The Ethnography And Folk Art Museum Of The Institute For Ecomuseum Research In Tulcea

ASPECTS RELATED TO THE ORGANIZATION OF THE ETHNOGRAPHY AND FOLK ART MUSEUM  The Ethnography and Folk Art Museum represents one of the four museums which form the Institute for Ecomuseum Research in Tulcea (founded in 1993) following the reorganization of the Danube Delta Museum (a museum complex which included four sections: archaeology and history, ethnography and folk art, fine arts, and natural science). The permanent folk art exhibition (Dobrujan Folk Art in the context of Romanian Folk Art) was opened in 1989 (in the building located at 4, 9 Mai Street). Its theme included a comparison between Dobrujan decorative woven fabrics and costumes and those from the remainder of Romanian territory. In 2002, the permanent exhibition was re-organized so as to highlight the specific features of the area in the presentation. Initially a temporary exhibition, called Old people, places and customs, was organized, but subsequently, through the museum adding complementary materials, it was finalized under the title Dobruja and its inhabitants. Under this new form of organization, urban ethnographic aspects were also presented (images from old Tulcea, urban furniture, etc). In 2002, a section of the exhibition was organized in the open air, which included the presentation of some of the traditional occupations and crafts (agriculture, viticulture, iron processing, wood processing, transportation means). In 2005, following the restitution of the building, located at 4, 9 Mai Street, to its former owners, the Ethnography and Folk Art Museum was given, by Decision of the County Council (April 8, 2005), the building of the former headquarters of the National Bank (2, 9 Mai Street). The edifice is mentioned in the List of Historical Monuments. Following the move to the new headquarters, temporary exhibitions were organized, while outside the open air section was re-organized, including the presentation of traditional occupations and crafts from the area. In the summer of 2006, works were initiated with a view to rehabilitating the building. The permanent exhibition, which was housed in the new headquarters and which had the theme of Dobruja and its inhabitants, was conceived in such a manner that, at the level of the museum, it could represent the contemporary issue of the local cultural identity in the context of globalization. Such a theme was necessary both due to the contemporary issue, which we mentioned above, and to the specific features of the area. MUSEUM LOCATIONS INCLUDED IN THE ETHNOGRAPHY AND FOLK ART MUSEUMS: · The Ethnography and Folk Art MuseumTulcea, 2, 9 Mai Street· The peasant household preserved in situ (The Dobrujan Village Museum) – Enisala Village, Sarichioi · The Eastern Art Exhibition – Babadag· The Panait Cerna Memorial House – Cerna · The vernacular architecture spot (The House from Banatului Street) – Tulcea, 2, Banatului St. Each of these locations plays a well-defined role in the museum presentation of the ethnographic patrimony of the area, including traditional and urban architecture, the range of instruments necessary in order to fulfill occupational requirements, and crafts related to the menial textile industry and woven fabrics, the patrimony of the Romanian population and that of the various minorities.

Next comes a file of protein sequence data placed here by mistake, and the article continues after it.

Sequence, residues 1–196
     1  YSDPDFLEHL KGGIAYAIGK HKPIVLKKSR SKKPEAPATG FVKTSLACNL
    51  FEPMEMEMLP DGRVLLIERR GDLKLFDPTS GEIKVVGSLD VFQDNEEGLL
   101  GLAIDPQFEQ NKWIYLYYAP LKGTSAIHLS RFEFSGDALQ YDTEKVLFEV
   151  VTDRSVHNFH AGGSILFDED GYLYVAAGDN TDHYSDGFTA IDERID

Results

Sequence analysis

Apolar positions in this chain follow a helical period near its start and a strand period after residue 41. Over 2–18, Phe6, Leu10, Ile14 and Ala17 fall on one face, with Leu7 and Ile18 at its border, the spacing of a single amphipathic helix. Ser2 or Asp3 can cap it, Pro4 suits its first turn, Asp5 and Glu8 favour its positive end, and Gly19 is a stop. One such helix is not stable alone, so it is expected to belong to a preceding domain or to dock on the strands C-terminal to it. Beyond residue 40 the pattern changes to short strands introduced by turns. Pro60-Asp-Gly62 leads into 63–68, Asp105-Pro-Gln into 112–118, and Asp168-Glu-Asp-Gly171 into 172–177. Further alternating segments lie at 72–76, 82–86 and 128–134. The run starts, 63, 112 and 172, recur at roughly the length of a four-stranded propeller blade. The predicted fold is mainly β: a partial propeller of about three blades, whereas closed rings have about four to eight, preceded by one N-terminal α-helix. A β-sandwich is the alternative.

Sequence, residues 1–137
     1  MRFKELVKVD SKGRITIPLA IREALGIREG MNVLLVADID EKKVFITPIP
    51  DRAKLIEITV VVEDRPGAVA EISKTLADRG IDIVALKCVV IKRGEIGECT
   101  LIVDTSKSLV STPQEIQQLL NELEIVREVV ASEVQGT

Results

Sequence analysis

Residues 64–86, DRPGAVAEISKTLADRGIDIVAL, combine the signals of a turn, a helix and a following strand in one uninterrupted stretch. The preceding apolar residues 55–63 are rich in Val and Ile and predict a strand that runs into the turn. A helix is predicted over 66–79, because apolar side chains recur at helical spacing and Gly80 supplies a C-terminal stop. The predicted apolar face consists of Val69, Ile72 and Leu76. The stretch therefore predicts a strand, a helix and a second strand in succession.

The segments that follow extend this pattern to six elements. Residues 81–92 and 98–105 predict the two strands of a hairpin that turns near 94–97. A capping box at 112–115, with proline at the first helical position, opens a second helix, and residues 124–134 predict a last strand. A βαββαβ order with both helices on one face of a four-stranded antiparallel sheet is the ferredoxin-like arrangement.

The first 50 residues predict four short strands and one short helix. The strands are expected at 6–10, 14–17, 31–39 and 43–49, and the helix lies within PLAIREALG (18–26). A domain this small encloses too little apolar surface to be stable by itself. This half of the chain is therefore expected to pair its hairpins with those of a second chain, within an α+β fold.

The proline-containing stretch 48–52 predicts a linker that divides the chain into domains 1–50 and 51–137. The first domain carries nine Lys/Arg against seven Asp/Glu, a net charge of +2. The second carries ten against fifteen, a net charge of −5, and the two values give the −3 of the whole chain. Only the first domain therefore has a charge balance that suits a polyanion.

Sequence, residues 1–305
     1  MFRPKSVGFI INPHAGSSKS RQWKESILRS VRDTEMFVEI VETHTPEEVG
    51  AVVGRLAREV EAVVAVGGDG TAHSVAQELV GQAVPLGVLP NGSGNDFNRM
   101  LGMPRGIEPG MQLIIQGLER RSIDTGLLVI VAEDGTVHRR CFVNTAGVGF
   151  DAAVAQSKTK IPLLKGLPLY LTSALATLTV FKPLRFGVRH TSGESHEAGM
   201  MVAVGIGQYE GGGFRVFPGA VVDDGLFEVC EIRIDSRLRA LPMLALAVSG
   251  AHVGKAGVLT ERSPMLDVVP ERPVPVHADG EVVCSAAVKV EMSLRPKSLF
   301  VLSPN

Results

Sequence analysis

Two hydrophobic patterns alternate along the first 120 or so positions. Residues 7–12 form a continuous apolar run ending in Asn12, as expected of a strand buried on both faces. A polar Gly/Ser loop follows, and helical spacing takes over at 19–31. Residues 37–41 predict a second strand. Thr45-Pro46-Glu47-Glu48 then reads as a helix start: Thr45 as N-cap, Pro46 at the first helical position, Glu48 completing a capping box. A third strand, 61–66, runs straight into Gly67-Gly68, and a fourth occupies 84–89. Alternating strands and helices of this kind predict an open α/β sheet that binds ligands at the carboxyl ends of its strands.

by Steluţa Pârâu